I can show [farmers] how we have been doing things,” said Victor Trejos, general manager of Hacienda Alsacia. “How we have been planting, how we fertilize, soil tests … and how they can do the same.”
The farm includes 14 hectares dedicated to research. It’s a testing ground to push the boundaries of agronomy research to breed trees that are resistant to coffee leaf rust, or roya, which is ravaging coffee crops in Latin America. The team also analyzes soil, fine tunes pruning techniques, and supports farmers in other ways to increase coffee trees’ quality and productivity. Its findings aren’t kept in a company vault; they are shared freely with researchers and farmers everywhere.
To date, Starbucks has trained more than 52,000 farmers with free access to education and resources through its Farmer Support Centers, with a goal of reaching 200,000 farmers by 2020. Its aspiration is to make coffee the world’s first sustainably sourced agricultural product.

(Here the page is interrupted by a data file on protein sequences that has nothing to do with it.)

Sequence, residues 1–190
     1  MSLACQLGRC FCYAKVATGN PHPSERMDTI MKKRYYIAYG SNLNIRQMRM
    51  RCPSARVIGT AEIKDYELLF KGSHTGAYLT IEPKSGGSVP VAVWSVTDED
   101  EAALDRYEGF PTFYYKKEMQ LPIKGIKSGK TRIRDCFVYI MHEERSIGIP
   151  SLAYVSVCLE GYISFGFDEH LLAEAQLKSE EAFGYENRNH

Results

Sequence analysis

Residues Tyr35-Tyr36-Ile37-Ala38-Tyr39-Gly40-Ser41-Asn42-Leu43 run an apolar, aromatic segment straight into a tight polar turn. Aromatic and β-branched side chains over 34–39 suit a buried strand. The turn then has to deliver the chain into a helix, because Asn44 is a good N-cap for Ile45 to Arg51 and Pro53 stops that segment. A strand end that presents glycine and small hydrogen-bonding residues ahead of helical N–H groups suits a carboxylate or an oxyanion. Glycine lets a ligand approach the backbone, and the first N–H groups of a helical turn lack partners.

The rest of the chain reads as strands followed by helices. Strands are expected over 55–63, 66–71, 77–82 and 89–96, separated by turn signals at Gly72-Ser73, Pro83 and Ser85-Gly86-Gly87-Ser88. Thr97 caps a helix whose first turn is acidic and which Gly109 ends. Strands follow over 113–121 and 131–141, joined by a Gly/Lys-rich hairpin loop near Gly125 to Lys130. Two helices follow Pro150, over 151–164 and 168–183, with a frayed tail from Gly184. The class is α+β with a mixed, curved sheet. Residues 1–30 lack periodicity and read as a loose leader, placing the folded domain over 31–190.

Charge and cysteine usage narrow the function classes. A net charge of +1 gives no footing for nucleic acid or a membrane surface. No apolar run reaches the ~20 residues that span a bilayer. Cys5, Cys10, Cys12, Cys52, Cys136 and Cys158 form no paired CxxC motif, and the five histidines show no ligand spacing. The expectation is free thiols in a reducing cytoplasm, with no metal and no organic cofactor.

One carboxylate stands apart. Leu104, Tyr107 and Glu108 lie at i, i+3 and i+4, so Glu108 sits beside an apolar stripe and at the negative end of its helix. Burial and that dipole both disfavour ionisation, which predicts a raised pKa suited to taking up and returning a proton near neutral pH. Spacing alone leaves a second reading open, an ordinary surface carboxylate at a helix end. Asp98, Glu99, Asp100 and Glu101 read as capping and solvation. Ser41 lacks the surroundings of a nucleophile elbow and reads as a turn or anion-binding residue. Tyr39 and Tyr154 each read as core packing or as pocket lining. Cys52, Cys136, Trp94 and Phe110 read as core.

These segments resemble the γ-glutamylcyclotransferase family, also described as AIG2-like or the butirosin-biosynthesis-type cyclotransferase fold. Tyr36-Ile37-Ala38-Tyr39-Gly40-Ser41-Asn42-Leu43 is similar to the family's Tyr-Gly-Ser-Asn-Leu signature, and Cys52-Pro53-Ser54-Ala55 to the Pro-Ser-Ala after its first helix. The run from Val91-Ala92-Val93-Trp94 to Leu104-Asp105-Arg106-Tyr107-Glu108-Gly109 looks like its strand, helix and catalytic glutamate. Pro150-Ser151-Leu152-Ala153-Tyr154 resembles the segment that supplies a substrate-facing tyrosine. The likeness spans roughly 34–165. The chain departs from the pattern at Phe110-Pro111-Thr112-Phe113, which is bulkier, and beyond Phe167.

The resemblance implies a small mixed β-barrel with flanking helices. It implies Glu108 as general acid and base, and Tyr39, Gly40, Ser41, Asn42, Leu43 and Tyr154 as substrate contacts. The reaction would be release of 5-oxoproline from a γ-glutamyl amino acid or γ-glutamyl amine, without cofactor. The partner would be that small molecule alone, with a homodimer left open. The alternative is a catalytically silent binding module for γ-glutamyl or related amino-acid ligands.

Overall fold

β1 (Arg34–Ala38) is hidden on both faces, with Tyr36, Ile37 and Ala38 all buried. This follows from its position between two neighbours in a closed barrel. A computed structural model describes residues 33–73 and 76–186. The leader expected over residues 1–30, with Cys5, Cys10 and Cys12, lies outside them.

But for Rodriguez, the accomplishment is best measured one farm, one farmer at a time.
“To me, as a professional, as a partner, it’s the best part really when you start working with a particular farmer and see that they are improving their living conditions and being able to keep producing coffee as a good business,” he said. “That’s the best. It’s really something that motivates us."